stating that a "chain of introductions" does not eliminate a finder's fee "if recovery is warranted within the terms of the letter agreement"Summary of this case from Capital Access Servs., Inc. v. Direct Source Seafood, LLC
December 18, 1979
Appeal from the Supreme Court, New York County, ISRAEL RUBIN, J.
Conor D. Reilly of counsel (James M. Rhodes and Charles E. Bachman with him on the brief; Coudert Brothers, attorneys), for appellants.
Floran L. Fink of counsel (Stephen M. Charme with him on the brief; Robinson Silverman Pearce Aronsohn Berman, attorneys), for respondents.
On a motion for summary judgment, the court must search the proof, as proffered by affidavits or otherwise, to ascertain whether it discloses a real rather than a perfunctory issue (Schillinger v. North Hills Realty Corp., 15 A.D.2d 539, 540, affd 11 N.Y.2d 1044). Plaintiff De Fren submitted his own affidavits and other proof in support of his cross motion for partial summary judgment on the first and second causes of action for a finder's fee of $75,000. However, defendants Russell and Bio-Dynamics did not lay bare their proof in opposition to that portion of the cross motion. (Di Sabato v. Soffes, 9 A.D.2d 297, 301.) Neither of those defendants submitted affidavits or other proof that would effectively contravene plaintiff's proof on the first two causes of action. The affidavits of their counsel were without probative value (Di Sabato v. Soffes, supra). Consequently, the operative facts on the cross motion may be drawn from plaintiff's papers and may be briefly stated.
Plaintiff De Fren and defendant Russell, individually and as president of Bio-Dynamics, Inc., entered into a letter agreement, dated March 4, 1969. To the extent here relevant, the letter agreement provides:
"This letter is to confirm our understanding in which we have agreed to the following:
"1. We shall endeavor and have endeavored to consummate the acquisition of all of the stock of Bio/Dynamics, Inc., by purchase, merger, reorganization, underwriting and/or any other relationship which we may bring about between Bio/Dynamics, Inc. and any other individual or individuals and/or corporation or corporations which is agreeable to you and your company. In addition we agree to perform ancillary legal services for you and your company in connection therewith.
"2. In consideration of the above services to be rendered by us, upon the consummation of a binding agreement as described above, we are to receive a legal fee for services rendered, of $75,000.00 plus any out-of-pocket disbursements made for the benefit of you or your company. The method and manner of such payment shall be worked out between us prior to and as a condition precedent to any such consummation.
"3. As of the date of this letter, it is agreed by you and your company that the consummation of any relationship described in Paragraph #1 with or through Revlon, Inc. and/or one of its subsidiaries, Shulton, Inc., and/or one of its subsidiaries, Greene Co., and/or one of its affiliated firms, Loeb, Rhoades Co., and/or one of its affiliates, McMahon, Lichtenfeld Co., and/or one of its affiliates, Plough, Inc., and/or one of its subsidiaries, and any other corporation and/or individuals which we introduce to you hereinafter, shall be deemed to fall within the purview of this agreement."
On or about March 4, 1969, plaintiff introduced Russell to Peter Dixon, a representative of Loeb, Rhoades. Thereafter, plaintiff and Dixon assisted Russell in his efforts to sell the Bio stock. In the early part of 1970, Russell told De Fren that he was going to sell the Bio stock on his own. In fact, that private transaction was never consummated. Unknown to plaintiff, Russell then continued to work closely with Dixon in an attempt to sell the stock until the fall of 1972.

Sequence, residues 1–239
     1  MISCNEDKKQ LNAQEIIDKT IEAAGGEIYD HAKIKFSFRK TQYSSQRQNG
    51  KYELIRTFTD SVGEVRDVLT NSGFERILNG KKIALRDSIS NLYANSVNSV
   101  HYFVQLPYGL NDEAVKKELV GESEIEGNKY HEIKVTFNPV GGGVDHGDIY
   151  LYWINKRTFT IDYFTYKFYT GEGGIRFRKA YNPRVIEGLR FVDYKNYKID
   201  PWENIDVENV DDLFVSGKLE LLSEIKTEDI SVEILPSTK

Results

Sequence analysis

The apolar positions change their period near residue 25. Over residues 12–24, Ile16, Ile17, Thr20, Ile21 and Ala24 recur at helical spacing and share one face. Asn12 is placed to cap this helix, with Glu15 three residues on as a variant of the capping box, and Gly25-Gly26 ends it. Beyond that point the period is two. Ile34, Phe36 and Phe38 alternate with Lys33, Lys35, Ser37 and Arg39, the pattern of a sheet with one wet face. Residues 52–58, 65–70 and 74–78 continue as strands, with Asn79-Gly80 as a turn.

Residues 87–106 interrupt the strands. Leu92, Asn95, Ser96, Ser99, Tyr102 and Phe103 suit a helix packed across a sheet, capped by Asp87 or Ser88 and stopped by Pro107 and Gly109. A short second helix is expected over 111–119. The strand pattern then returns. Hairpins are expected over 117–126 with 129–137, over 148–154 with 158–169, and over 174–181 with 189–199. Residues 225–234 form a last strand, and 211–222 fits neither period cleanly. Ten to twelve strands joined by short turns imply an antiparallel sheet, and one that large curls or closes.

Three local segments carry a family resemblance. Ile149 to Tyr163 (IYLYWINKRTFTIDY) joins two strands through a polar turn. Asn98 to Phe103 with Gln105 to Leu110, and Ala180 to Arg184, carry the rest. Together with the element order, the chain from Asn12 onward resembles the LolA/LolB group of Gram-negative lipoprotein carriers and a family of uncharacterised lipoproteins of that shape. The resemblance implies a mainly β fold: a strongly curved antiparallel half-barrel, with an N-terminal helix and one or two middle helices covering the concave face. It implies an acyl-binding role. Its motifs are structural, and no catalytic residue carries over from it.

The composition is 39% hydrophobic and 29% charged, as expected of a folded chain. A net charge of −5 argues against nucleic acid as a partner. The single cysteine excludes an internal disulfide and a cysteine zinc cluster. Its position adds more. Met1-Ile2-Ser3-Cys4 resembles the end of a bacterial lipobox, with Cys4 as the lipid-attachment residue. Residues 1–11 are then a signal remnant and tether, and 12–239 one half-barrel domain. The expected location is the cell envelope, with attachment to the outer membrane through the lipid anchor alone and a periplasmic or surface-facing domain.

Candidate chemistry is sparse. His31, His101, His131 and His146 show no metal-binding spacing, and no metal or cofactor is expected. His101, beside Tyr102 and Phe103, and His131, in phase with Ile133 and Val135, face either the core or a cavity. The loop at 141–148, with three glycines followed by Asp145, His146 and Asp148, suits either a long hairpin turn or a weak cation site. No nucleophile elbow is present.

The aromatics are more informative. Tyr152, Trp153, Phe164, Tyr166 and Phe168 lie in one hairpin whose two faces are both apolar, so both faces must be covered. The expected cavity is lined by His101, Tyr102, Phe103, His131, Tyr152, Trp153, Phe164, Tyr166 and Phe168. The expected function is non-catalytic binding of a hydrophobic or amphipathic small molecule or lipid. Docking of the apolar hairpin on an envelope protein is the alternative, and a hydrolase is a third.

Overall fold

Dixon had introduced Russell to Joseph Grossman, a founding stockholder of Lea, Inc. Grossman, in turn, introduced Russell to Frank Osgood, Lea's president. Various conversations and meetings were had concerning Lea's possible acquisition of Bio. However, Russell was apprised of the fact that defendant IMS International, Inc. might acquire Lea in the interim. During negotiations with Lea, Dixon told Russell that, even if IMS acquired Lea, it was still possible that IMS might also acquire Bio. Toward the end of 1972, IMS did acquire Lea. In the early months of 1973, Osgood introduced Russell to Randall Evans, an officer in IMS. Russell then excluded Dixon from the negotiations between IMS and Bio. On March 27, 1973, IMS acquired Bio.
After plaintiff made the initial introduction of Russell to Dixon, there was a long series of introductions culminating in Russell's introduction to Evans by Osgood. This chain of introductions does not preclude an award of summary judgment to plaintiff if recovery is warranted within the terms of the letter agreement.
In 1970, Russell deceived the plaintiff into believing that the letter agreement had terminated. Therefore, Russell cannot validly argue or complain that the plaintiff did not "consummate" the acquisition in 1973. The more narrow question thus presented is whether plaintiff is entitled to recover on the basis of Loeb Rhoades' efforts on Russell's behalf.
The third paragraph of the letter agreement provided that the consummation of the acquisition "with" or "through" Loeb, Rhoades would fulfill the terms of the agreement with regard to plaintiff's expected performance thereunder. In this record, there is not the slightest indication that Russell would have even become aware of the existence of IMS except "through" the diligent services provided by Dixon over a three-year period. It must be further stressed that, during the unsuccessful negotiations with Lea, Dixon had identified IMS as a potential purchaser of Bio. In this background, Russell's eleventh hour exclusion of Dixon from the IMS negotiations does not show any independent initiative on his part that would relieve him of his obligation to plaintiff under the letter agreement.
In view of the fact that the Bio stock was sold to IMS through the efforts of Loeb, Rhoades, plaintiff is entitled to recover a finder's fee of $75,000 under the first cause of action. Since recovery is being awarded on the first cause for breach of contract, the second cause of action to recover the reasonable value of plaintiff's services is dismissed as academic.